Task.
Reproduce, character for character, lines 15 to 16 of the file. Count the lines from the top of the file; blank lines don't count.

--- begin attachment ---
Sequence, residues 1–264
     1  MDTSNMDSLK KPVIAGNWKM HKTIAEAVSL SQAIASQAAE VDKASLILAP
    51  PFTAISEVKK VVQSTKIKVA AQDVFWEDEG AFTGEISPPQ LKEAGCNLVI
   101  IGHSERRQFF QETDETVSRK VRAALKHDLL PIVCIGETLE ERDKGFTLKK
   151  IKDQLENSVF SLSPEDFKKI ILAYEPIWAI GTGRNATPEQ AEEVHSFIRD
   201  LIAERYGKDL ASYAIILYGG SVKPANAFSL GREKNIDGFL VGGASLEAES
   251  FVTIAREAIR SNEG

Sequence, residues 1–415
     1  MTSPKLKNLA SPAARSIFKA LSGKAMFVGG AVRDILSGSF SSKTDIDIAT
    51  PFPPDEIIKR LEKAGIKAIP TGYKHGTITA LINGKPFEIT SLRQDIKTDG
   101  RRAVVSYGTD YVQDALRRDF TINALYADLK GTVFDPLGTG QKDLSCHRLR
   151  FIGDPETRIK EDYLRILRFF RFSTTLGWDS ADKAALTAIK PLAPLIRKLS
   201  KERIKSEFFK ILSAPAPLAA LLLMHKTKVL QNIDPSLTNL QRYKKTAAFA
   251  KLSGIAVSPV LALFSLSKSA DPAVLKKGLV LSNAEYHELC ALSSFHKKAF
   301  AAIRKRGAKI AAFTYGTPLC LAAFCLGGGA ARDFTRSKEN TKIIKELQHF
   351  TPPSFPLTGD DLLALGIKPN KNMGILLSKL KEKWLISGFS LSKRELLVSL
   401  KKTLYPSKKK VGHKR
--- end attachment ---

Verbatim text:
   301  AAIRKRGAKI AAFTYGTPLC LAAFCLGGGA ARDFTRSKEN TKIIKELQHF
   351  TPPSFPLTGD DLLALGIKPN KNMGILLSKL KEKWLISGFS LSKRELLVSL